The UK government plans to create three million apprenticeships by summer 2020, a 35% increase on the previous five years. From 2017, larger employers will pay a contribution towards funding these apprenticeships, and this levy – along with an emerging range of employer-designed ‘Trailblazer’ apprenticeships – heralds a new era for this method of training.
If you are thinking of a career in engineering, why not consider an apprenticeship, rather than going straight to university – not least because you could save thousands in degree-course fees? If you are an employer, apprentices are part of the solution to the skills shortage. Here, we look at the benefits for employee and employer, including the key facts about apprenticeships.
What employees need to know
Apprentices earn from day one, often making around £200 per week. In building services engineering, an apprentice’s week will typically involve four days at work and one at college, plus study in your spare time.
Apprenticeships lead to recognised qualifications, such as a National Vocational Qualification (NVQ), a technical certificate and – if you follow an ‘advanced apprenticeship’ (see table) – a BTEC, diploma or foundation degree.
If you work in building services engineering and complete an advanced apprenticeship, you will be qualified to join CIBSE as a ‘licentiate’ member and to put the letters EngTech LCIBSE after your name.
You could start as an apprentice and progress to degree or even Master’s level, with your employer paying all the tuition fees.
Apprentices can progress faster than those who enter the industry as graduates to being a chartered building services engineer – that is, a chartered member of CIBSE, a step up from licentiate member.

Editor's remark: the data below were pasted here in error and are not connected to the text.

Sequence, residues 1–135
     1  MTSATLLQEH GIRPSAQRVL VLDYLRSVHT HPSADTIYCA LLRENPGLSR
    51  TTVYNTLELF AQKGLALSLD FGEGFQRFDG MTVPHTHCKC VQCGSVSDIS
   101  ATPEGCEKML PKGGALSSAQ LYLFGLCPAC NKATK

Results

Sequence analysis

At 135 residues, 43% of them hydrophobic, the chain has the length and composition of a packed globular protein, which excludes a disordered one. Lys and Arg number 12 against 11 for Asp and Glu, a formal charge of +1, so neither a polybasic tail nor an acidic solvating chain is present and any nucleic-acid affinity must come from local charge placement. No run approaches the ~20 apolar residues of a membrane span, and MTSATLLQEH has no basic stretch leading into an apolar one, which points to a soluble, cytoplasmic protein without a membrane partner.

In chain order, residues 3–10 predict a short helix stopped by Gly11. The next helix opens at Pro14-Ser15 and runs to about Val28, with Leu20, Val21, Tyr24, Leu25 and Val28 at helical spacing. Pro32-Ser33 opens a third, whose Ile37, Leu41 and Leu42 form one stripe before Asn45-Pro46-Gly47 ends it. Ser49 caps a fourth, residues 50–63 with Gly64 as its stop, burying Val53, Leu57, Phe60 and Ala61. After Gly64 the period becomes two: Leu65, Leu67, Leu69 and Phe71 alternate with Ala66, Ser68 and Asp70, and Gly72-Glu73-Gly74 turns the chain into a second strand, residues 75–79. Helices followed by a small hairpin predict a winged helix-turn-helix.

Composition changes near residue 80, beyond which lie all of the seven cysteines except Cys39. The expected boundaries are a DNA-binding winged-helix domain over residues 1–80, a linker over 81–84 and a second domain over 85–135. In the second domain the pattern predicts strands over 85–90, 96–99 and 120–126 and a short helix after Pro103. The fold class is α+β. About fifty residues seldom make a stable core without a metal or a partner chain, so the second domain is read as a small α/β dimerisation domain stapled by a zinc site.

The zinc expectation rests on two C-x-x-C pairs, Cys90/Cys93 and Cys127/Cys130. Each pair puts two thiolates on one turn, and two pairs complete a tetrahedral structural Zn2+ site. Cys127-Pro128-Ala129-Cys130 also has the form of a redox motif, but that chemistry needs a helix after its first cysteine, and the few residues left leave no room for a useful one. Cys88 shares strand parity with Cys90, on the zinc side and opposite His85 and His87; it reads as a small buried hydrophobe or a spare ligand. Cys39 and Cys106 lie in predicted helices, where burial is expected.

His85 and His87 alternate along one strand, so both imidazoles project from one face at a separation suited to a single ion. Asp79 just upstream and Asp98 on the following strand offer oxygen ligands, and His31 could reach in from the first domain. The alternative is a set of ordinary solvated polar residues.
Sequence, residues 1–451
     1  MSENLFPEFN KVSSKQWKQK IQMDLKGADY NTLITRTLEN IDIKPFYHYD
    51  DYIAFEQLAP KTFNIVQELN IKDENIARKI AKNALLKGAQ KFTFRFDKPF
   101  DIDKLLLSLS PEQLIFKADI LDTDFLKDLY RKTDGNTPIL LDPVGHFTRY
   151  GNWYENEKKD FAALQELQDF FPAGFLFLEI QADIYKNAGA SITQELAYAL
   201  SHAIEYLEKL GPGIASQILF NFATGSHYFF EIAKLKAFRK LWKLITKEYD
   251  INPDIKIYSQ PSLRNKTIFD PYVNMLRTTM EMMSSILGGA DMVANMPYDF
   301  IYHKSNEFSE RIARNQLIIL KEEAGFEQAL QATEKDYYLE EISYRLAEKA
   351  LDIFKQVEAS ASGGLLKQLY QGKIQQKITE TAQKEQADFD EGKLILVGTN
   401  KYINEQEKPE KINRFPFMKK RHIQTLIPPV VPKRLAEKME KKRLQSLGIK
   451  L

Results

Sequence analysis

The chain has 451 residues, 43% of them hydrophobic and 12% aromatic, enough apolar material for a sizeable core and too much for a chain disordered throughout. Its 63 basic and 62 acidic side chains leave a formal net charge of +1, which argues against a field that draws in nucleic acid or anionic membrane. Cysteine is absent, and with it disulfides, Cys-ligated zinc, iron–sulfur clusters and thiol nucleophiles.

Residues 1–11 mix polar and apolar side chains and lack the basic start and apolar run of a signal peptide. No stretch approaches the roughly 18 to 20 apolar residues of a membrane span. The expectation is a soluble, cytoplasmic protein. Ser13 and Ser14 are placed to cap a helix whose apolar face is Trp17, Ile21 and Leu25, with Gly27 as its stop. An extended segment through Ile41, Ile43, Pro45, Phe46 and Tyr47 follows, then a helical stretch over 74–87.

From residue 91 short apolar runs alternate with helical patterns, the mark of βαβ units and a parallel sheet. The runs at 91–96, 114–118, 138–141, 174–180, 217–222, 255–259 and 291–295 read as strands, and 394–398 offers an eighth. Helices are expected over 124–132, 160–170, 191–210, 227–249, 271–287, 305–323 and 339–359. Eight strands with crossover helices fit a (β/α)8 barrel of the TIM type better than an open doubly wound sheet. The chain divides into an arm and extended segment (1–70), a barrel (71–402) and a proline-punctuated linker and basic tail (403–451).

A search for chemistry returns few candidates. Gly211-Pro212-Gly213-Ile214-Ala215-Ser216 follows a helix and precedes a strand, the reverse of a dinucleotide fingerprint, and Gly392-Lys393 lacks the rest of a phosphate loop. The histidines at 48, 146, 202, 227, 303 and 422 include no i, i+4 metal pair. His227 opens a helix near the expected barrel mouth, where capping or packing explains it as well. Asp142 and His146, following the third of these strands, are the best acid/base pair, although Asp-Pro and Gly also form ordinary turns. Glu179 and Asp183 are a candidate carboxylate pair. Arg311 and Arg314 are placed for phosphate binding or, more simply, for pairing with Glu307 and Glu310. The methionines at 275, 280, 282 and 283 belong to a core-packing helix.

Angela Ringguth, CIBSE’s professional development consultant, says: ‘It’s possible – if you start as an apprentice at the age of 18 and achieve your qualifications by part-time study, alongside practical work in the industry – that you could find yourself ahead of someone who opted for full-time study and only starts work in the sector in their 20s.’
Those who attain a ‘higher apprenticeship’ (see table) earn more, on average, over their lifetime than those with undergraduate degrees from non-Russell Group universities. Research from Boston Consulting found that lifetime earnings for higher apprentices are around £1.5m, compared with £1.4m for those with a non-Russell Group degree.
Apprenticeships offer the chance for young people to earn and learn
What employers need to know
The apprenticeship levy will be introduced in April 2017, at the rate of 0.5% of an employer’s pay bill. It will only apply to employers whose pay bill is more than £3m.
As all large employers must pay the levy, regardless of whether they participate in the scheme, it makes sense for them to benefit from the levy by taking on apprentices.
‘Trailblazer’ apprenticeships are schemes being developed by groups of employers, working with trade bodies. They are designed to attain professional recognition, so are well aligned to the precise needs of specific areas of industry, as well as the requirements for trade-body membership.
It pays to offer Trailblazer apprenticeships. ‘Employers will get government funding and support for the people they take on and develop,’ says Ringguth. ‘So it’s in employers’ interests to engage with the scheme – especially as we are seeing such a demand for new skills in our sector. There is also a lot of new work, both around and in prospect, with the government’s ambitious building targets.’